Article Brief

College basketball players in the NCAA's March Madness Tournament call on the NCAA, lawmakers, and the US Supreme Court to guarantee equal rights and freedoms for college athletes in pivotal year.

#NotNCAAProperty

College basketball players from over 15 teams competing in this year’s NCAA March Madness Tournament have launched a historic protest against unjust NCAA rules that deny college athletes equal freedoms and basic protections.  They are calling for the following:

  1. NCAA rule changes to allow all athletes the freedom to secure representation and receive pay for use of our name, image, and likeness by July 1st.
  2. A meeting with NCAA President Mark Emmert.
  3. Meetings with state & federal lawmakers and President Biden’s administration to pass laws to give college athletes physical, academic, and financial protections.
  4. The Supreme Court to rule in support of plaintiffs/college athletes in Alston v. NCAA and to not give the NCAA any power to deny us equal freedoms.

As part of the protest, the NCPA will arrange panel discussions with college athletes and experts to discuss unjust NCAA rules and ways to ensure college athletes are treated fairly.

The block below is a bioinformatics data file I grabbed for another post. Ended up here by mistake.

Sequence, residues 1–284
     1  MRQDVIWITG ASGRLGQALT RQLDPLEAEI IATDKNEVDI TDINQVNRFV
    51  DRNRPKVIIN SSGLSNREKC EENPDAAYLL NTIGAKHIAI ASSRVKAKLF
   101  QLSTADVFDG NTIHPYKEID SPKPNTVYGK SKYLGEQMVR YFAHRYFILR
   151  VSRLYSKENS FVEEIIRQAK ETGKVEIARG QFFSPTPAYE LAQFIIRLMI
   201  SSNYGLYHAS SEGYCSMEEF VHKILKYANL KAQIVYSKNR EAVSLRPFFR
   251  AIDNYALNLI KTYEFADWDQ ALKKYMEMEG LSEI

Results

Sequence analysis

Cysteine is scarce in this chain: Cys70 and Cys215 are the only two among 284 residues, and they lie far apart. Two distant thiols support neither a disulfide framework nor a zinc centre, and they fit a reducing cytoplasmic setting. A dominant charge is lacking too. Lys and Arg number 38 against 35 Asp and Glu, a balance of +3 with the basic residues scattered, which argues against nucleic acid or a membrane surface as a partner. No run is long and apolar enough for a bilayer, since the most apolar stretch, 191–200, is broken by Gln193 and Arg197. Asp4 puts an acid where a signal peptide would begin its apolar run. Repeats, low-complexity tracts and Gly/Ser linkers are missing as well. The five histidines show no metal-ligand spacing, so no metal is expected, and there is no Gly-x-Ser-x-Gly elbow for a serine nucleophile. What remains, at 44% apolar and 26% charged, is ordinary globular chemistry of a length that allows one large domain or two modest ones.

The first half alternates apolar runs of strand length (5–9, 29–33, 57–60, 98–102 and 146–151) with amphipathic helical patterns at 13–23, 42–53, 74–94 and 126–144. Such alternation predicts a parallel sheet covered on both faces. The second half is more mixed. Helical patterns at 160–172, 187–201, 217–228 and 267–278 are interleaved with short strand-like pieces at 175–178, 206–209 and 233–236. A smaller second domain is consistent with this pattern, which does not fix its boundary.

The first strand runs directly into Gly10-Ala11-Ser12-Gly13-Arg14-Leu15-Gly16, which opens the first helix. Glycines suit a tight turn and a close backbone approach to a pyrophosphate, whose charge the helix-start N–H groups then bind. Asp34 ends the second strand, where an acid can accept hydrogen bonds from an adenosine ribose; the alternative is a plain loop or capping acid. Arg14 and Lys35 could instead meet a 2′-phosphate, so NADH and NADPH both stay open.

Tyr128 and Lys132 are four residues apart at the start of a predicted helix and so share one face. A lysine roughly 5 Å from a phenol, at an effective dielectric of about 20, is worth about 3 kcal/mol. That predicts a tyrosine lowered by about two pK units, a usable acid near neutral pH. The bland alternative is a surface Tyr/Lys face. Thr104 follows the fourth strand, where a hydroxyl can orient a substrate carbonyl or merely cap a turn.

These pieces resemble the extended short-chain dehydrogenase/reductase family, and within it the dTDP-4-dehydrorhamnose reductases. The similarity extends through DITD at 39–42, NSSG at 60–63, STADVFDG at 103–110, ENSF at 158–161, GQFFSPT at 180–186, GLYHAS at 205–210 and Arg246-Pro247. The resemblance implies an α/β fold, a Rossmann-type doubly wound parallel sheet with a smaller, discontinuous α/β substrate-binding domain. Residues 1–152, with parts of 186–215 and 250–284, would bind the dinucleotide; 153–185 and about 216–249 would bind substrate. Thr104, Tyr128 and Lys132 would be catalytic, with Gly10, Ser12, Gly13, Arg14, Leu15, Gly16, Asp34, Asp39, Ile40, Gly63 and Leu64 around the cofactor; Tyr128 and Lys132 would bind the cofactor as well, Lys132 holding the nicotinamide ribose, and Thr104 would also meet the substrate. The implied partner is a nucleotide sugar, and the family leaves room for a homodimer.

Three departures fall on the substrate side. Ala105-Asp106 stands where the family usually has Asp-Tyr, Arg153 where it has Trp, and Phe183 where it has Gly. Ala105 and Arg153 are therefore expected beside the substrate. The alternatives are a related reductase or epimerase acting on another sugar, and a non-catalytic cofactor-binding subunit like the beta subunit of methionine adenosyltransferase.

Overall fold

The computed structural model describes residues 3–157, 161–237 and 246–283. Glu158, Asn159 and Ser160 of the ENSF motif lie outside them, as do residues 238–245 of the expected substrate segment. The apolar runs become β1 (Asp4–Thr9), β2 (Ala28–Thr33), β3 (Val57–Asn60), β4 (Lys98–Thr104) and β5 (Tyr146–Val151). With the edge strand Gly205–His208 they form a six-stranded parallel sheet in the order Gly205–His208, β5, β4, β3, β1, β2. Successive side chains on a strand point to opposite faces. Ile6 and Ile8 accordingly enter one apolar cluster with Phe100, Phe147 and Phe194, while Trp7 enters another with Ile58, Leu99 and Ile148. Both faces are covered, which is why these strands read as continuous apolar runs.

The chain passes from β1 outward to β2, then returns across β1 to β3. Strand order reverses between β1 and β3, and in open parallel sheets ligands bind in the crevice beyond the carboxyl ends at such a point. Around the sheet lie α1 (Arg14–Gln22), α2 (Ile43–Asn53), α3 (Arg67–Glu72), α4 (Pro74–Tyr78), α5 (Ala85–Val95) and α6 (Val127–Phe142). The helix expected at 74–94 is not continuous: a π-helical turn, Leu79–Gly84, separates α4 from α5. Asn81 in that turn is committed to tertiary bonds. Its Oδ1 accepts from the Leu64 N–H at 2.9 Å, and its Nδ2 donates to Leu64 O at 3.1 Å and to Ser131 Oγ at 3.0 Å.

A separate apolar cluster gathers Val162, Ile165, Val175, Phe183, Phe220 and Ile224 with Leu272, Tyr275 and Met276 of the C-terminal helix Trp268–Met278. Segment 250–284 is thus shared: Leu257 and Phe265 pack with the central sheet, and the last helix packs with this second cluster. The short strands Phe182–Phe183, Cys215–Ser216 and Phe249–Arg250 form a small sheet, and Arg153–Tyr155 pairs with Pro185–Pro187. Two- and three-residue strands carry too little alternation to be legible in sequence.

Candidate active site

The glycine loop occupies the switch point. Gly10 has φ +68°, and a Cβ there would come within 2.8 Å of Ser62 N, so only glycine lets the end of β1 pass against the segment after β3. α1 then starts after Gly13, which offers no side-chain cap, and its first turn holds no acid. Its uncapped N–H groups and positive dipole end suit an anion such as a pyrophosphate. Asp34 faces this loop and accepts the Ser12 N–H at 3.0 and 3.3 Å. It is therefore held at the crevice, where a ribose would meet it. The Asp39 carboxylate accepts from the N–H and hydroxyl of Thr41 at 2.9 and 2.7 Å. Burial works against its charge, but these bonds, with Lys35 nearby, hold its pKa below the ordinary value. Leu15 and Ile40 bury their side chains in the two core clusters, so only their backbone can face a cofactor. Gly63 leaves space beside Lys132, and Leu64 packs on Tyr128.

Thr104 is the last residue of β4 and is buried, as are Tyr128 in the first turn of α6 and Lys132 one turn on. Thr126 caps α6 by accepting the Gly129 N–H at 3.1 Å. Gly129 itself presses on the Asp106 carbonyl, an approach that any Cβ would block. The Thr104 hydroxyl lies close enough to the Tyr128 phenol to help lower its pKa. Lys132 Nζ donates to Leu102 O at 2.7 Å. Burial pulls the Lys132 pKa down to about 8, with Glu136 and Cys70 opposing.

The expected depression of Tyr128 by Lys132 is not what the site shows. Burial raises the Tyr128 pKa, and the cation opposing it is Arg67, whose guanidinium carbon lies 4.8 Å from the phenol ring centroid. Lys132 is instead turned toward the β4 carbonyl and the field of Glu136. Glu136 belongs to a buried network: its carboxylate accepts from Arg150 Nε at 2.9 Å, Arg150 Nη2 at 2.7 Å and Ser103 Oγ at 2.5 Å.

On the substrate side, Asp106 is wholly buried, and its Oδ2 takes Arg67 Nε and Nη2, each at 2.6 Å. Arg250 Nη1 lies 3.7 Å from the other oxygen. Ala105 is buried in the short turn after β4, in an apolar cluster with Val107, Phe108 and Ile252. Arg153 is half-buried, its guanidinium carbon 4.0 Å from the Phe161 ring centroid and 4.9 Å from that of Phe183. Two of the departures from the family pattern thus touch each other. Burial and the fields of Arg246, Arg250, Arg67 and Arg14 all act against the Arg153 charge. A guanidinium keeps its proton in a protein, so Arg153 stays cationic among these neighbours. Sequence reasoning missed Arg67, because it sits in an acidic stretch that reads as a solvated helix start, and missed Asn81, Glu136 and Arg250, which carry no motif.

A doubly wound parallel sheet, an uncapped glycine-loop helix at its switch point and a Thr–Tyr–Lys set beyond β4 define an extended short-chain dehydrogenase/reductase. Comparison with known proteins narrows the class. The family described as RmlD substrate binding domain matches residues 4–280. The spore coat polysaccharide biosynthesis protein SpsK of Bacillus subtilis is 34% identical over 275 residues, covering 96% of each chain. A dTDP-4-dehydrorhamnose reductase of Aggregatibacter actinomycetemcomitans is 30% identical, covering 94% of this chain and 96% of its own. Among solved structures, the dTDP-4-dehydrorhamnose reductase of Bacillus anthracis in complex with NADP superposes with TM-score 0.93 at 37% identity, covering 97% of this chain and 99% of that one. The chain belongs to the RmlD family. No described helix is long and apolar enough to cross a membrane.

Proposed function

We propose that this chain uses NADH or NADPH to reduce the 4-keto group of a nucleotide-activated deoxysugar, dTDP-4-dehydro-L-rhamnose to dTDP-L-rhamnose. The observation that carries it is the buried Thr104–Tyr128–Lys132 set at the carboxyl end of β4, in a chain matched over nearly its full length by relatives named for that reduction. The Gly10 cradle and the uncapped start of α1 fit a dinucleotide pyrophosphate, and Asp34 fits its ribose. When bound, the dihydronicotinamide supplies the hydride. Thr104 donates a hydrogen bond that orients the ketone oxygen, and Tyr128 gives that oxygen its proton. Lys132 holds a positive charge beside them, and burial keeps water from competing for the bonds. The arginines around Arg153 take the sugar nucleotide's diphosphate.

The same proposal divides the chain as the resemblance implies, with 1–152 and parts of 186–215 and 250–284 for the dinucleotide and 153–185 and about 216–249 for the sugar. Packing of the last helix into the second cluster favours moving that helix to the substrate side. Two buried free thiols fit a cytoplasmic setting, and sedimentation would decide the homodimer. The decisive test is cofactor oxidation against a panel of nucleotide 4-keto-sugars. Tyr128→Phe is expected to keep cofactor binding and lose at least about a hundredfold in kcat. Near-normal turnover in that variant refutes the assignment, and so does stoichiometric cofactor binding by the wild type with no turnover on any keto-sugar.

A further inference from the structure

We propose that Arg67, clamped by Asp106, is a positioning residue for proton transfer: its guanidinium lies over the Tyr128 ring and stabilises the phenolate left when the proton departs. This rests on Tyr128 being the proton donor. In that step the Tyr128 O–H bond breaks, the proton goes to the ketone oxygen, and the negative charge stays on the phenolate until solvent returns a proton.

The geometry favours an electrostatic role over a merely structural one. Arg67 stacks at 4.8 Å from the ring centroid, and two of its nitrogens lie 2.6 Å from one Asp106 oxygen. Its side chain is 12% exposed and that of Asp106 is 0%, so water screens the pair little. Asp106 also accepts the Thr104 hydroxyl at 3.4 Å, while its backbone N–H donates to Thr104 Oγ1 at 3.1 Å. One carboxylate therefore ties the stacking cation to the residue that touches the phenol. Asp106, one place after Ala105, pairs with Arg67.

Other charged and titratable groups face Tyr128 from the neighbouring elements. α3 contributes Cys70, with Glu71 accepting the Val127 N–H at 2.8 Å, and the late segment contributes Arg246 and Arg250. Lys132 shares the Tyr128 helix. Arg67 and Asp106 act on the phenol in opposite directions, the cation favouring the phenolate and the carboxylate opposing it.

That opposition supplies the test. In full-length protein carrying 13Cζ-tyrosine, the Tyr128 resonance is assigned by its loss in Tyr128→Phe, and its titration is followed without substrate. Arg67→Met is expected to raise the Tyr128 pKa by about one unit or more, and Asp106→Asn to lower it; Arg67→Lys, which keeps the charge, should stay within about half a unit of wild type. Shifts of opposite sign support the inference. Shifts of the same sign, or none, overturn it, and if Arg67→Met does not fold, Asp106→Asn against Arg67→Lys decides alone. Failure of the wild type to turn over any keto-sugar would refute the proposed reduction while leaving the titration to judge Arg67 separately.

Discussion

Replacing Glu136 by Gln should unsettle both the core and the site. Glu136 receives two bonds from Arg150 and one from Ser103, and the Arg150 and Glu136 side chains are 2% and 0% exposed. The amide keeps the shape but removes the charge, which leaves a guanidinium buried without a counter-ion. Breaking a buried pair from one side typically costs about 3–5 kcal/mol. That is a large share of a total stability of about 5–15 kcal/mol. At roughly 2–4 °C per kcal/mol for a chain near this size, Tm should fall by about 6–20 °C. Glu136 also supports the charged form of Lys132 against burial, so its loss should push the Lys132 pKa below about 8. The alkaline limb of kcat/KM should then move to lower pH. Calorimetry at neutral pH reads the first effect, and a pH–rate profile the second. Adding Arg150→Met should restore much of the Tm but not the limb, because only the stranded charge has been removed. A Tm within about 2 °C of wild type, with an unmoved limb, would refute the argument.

The players and the NCPA are using the hashtag #NotNCAAProperty to underscore their concern that the NCAA too often treats college athletes like dollar signs rather than people.  College basketball players from multiple teams protesting NCAA rules during the NCAA’s own March Madness Tournament is unprecedented and comes at a time when lawmakers and the US Supreme Court will be making decisions that will affect the freedoms and rights of generations of future athletes.

Iowa basketball player Jordan Bohannon, Rutgers basketball player Geo Baker, and Michigan basketball player Isaiah Livers held a zoom meeting last summer with players throughout the Big Ten Conference and NCPA Executive Director Ramogi Huma to discuss college athletes’ rights and challenges facing them due to the COVID pandemic last summer.  The players all kept in touch.  Bohannon, Baker, Livers, and a number of other basketball leaders who have since joined the NCPA, held a meeting on Tuesday evening with players from a dozen other Tournament teams and Huma to discuss launching the protest.

Huma stated, “These players are taking a historic stand to protect the rights and freedoms of generations of players to come.  They are people #NotNCAAProperty.”